We were only in Dublin for about a day and a half, but it was awesome there! We took a red-eye flight from Toronto, so when we landed we were pretty exhausted and grumpy. Achy feet from bad shoes and getting lost on the way to the hostel did not help. But we eventually checked in and got ourselves some lunch, which made everything better. We walked around for the rest of the day and explored our part of the city, which happened to have the Dublin castle. That was pretty cool. Later that night we walked over to the river to meet for a pub crawl led by a couple of very enthusiastic Irishmen who called us all their vikings. Pub crawls aren’t really my thing but it was fun talking to the other tourists and meeting Joffrey from Game of Thrones! He happened to be in Dublin at the same time so we got a quick picture together. The second day was more walking around and just hanging out until our flight for London. We didn’t make it to the Guinness storehouse, but that’s definitely in the books for the next time we’re in Dublin a few weeks from now.



Okay get ready for this because I’m about to be blunt. London was not my favorite city. I had some pretty high hopes from all of my friends’ study abroad experiences and photos, and to be honest, I was kind of let down. But maybe that’s because we didn’t give ourself enough time there. To be fair, we only had one full day in London. Our hostel was kind of crappy, and I got sunburnt, so those are probably affecting my opinion of the city even though they are in no way the city’s fault. (Guess who’s a psych major over here? Overanalyzing like it’s my job. Take that fundamental attribution error!)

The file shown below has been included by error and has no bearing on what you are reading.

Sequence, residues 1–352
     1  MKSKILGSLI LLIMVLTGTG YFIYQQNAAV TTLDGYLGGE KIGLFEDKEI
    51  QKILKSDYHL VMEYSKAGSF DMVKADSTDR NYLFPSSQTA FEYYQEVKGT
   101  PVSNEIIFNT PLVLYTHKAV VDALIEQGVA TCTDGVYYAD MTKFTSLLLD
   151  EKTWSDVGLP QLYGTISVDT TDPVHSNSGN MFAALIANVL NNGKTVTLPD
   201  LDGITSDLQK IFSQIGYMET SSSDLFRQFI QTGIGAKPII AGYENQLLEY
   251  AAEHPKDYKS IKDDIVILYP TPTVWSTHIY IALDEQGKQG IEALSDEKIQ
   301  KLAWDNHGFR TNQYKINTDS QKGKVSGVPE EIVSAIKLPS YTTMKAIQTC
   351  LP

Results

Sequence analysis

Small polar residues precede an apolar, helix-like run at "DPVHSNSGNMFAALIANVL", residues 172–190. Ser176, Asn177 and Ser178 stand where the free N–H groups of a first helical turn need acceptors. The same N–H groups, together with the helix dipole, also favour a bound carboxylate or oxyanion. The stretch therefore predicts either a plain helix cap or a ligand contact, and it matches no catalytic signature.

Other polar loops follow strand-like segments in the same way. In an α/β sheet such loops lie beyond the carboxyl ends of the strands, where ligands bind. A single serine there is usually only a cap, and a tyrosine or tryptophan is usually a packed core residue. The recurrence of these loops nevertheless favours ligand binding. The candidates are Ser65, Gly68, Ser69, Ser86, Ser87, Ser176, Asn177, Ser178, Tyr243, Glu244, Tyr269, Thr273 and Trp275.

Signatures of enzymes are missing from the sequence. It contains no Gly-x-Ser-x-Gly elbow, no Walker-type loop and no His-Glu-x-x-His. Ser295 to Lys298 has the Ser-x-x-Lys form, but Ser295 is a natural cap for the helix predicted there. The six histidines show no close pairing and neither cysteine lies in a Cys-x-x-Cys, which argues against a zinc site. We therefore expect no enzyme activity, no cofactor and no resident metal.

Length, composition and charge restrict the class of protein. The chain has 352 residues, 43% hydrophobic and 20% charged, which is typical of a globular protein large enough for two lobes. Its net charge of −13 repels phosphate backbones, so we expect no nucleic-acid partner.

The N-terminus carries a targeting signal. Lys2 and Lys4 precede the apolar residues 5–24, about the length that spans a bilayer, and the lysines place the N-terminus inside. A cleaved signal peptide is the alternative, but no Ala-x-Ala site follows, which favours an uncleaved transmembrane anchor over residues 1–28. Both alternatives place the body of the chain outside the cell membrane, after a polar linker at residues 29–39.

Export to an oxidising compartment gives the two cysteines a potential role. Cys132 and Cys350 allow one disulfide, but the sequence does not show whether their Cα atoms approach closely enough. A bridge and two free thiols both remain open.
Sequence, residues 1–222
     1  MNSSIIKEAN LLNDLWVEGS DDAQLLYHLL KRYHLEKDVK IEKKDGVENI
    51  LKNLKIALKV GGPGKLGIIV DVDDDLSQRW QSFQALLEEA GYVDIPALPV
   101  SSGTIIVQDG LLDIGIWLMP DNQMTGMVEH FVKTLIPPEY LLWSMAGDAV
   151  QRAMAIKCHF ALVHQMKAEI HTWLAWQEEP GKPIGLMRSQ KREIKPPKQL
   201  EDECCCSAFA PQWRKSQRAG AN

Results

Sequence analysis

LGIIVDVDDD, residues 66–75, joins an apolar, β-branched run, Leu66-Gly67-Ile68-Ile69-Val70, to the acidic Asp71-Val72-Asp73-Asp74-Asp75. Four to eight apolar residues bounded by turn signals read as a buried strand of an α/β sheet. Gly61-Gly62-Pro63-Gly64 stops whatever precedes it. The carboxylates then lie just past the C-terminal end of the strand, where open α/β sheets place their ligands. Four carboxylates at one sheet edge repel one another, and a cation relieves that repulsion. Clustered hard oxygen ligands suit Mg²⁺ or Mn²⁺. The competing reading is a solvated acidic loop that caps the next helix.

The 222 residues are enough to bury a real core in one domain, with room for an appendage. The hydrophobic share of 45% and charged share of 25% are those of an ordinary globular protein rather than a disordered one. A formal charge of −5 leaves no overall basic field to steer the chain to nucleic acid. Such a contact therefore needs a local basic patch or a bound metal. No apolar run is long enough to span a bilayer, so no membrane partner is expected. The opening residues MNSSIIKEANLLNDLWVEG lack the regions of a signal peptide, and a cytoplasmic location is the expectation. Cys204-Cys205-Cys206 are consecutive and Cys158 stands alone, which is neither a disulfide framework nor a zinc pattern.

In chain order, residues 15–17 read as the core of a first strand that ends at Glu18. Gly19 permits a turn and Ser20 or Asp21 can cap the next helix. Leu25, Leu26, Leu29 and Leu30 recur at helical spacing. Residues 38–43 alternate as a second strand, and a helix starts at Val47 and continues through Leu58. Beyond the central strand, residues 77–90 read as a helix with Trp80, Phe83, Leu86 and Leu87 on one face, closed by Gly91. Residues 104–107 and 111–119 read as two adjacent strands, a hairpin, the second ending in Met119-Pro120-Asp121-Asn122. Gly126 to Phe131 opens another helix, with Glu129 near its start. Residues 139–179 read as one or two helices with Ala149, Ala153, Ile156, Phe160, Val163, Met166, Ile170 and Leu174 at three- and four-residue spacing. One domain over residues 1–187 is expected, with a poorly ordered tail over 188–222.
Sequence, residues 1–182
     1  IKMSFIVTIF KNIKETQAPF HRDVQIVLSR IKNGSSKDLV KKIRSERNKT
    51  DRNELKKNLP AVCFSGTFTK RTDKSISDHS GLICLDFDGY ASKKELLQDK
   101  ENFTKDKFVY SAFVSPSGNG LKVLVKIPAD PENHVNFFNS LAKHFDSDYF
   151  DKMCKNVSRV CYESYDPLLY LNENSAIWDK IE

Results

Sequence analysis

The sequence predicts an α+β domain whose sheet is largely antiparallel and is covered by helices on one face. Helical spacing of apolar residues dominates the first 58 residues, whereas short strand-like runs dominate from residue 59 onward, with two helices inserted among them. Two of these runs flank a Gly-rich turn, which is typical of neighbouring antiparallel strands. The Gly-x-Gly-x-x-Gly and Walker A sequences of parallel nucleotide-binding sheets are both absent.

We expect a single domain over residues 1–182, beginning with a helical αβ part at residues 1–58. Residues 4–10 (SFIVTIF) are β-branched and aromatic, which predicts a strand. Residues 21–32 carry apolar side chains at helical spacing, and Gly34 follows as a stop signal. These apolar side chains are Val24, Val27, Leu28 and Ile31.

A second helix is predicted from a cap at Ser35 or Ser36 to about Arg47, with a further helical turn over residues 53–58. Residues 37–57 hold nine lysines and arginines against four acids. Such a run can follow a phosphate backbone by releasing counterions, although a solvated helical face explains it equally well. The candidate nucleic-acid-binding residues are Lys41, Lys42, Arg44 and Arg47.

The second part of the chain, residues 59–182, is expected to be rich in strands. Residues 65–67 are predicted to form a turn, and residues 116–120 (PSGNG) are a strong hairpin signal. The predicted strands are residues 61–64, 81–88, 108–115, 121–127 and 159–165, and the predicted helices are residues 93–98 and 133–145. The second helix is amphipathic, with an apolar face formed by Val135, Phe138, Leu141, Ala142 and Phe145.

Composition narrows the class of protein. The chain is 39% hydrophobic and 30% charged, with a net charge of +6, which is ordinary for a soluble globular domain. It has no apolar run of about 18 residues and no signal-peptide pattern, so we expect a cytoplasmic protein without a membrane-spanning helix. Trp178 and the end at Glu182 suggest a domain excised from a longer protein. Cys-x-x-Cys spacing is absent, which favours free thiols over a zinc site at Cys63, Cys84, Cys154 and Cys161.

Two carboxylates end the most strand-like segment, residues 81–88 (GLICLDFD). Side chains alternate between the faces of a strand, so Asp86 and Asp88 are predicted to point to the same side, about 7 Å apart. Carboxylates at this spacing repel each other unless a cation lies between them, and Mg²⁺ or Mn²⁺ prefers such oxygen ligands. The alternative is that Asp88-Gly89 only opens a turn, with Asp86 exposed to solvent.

We landed at London’s most obscure and farthest away airport, Luton, and took a shuttle to Hyde Park. Unfortunately it dropped us at Marble Arch, and our hostel was at the far end of the park, so we walked about an hour as the sun was setting. Then we met up with Jacob and grabbed some gryos for a late dinner. PS they were amazing. We were talking to him to plan our our visit and realized, shoot, we only actually have one full day here, not three like we had though. So that compressed our plans a bit. When we woke up we all met downstairs for breakfast, which was toast and cereal. The hostel had so many people though it was a free for all and we ended up with untoasted toast. I did not win survival of the fittest that morning. Once we got going though we got a lot done. We rented bikes with Jacob and toured all around the city, starting with Buckingham Palace, working our way down the Thames for Big Ben and parliament, then the London Bridge and London Tower tour. Biking in London is a little treacherous, that’s all I’ll say. But we made it. We spent some time lounging in Hyde Park that afternoon. That part was great. It was like a mass exodus of everyone working 9-to-5. The grabbed their friends and a picnic then spent the evening outside. I loved walking around there. Then we had Indian for dinner, which was delicious, then passed out for the night.